By all appearances, the Idaho Republican Party is as healthy as it ever has been, or perhaps ever will be.
Republicans hold all four congressional seats, all of the state’s constitutional offices and an overwhelming majority in both houses of the Legislature. But I’m not sure how healthy the party really is, with the aging politicians holding the highest offices and showing few signs of leaving their offices. Gov. Butch Otter, who can’t seem to put the Idaho Education Network mess behind him, says his third term will be his last. But I’ll believe it when I see it. Four years ago, I couldn’t imagine him even running for a third term into his 70s.
On the congressional side, Sen. Mike Crapo, who is in his mid-60s, is setting records for length of service and appears to be a shoo-in for re-election. Sen. Jim Risch, who is in his 70s, shows no signs of slowing down. Since the first of the year, he has been getting a lot of national attention with regular appearances on CNN. Rep. Mike Simpson, who is in his 60s, appears safe in the 2nd District for as long as he wants it. The only movable object in the delegation is Rep. Raul Labrador, the youngest member of the delegation. I’m not sure where he will go, but I can’t see him with a lifetime contract in Washington.
Elections for the top offices in Idaho have all the suspense of old-time Russian ballots, where a lot of people vote, but only one candidate has a realistic chance of winning. Foreclosure on the higher offices might be good for the Republican Party on paper, but it doesn’t promote a lot of depth. Lt. Gov. Brad Little will be in his mid-60s if Otter decides not to run for a fourth term. Lawrence Wasden, once a bright young star of the GOP, will be well into his 60s by the time a vacancy for another office comes up. House Speaker Scott Bedke could easily step into a national office, but Simpson would have to step down.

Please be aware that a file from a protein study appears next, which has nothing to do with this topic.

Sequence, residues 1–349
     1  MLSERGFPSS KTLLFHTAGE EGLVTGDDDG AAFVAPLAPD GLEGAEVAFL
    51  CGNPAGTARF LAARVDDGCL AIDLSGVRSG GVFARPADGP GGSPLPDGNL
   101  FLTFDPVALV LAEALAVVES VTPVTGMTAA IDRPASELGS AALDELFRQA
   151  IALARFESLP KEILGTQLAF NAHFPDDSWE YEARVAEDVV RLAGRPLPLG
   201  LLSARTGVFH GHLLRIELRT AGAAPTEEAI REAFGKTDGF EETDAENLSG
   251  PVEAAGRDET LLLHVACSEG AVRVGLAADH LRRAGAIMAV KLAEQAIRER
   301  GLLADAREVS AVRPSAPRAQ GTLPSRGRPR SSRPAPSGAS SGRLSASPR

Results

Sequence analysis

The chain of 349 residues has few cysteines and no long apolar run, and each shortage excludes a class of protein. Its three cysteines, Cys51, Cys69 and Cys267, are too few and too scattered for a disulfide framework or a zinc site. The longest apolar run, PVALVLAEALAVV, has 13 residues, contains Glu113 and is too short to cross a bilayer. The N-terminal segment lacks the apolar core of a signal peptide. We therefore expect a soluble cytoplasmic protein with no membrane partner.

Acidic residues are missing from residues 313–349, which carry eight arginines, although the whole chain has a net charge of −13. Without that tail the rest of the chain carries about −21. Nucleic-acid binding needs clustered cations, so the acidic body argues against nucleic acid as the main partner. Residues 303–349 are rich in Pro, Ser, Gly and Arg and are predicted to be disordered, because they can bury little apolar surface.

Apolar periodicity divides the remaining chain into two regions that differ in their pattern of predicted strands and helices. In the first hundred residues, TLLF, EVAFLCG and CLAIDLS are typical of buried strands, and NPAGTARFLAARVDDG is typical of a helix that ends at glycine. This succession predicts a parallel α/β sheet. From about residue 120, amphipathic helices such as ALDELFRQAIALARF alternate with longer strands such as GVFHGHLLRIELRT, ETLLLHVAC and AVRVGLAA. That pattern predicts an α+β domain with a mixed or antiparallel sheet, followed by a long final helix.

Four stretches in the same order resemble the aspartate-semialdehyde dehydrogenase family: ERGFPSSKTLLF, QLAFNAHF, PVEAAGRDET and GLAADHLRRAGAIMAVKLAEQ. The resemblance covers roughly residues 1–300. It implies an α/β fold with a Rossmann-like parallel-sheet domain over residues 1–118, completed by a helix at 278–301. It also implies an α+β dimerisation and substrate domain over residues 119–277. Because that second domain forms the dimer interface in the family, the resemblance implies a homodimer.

It wasn’t this way when I started covering Idaho politics in the mid-1980s. David Leroy, who almost won the governorship in 1986, was the best and brightest at the time. Otter, as lieutenant governor, and Risch, the Senate’s top leader, were making their marks in the mid-1980s. Crapo and Simpson were young up-and-comers in the Legislature.
Today, Otter, Crapo and Risch remain as prime-time players in Idaho politics, but they are hardly in the prime of their lives. And as election results show, they haven’t worn out their welcome. Wayne Hoffman, director of the Idaho Freedom Foundation and former longtime political reporter, sees a downside to lengthy stays in office.
“As much as I like certain members of the Legislature and Congress, I don’t think they should hang around for so many years,” Hoffman says. “Why does the governor have to stay in office for most of the last four decades? I don’t see the value of that.”
Randy Stapilus, a longtime Idaho political historian, thinks there’s more depth in the Republican Party than what meets the eye. It will surface when, or if, seats start to open up.
“When there is more genuine competition, it draws out a level of political skill and a certain type of person that Idaho hasn’t seen in recent years,” Stapilus said.
Hoffman agrees that competition brings out new talent, as seen in the recent line of succession in the 1sst Congressional District. “Ten years ago, you barely knew who Raul Labrador was,” Hoffman said.
Other “no-names” of today could rise in the ranks, Hoffman said. “A year ago, you never heard of (Rep.) Heather Scott.”
So who are some of the future stars? Rep. Luke Malek of Coeur d’Alene is a promising figure, although his biggest challenge is winning primaries in a conservative district. Rep. Christy Perry has the intelligence and personality that could help her in campaigns; the same with Sen. Shawn Keough of Sandpoint. Freshman Sen. Mary Souza of Coeur d’Alene shows intelligence and thoughtfulness, and her communication skills are strong. Sen. Cliff Bayer of Boise is another possibility, and I suspect we haven’t heard the last of former Sen. Russ Fulcher, who made a strong showing against Otter during last year’s primary.
The reality is these folks aren’t going anywhere as long as the old guard refuses to get out of the way.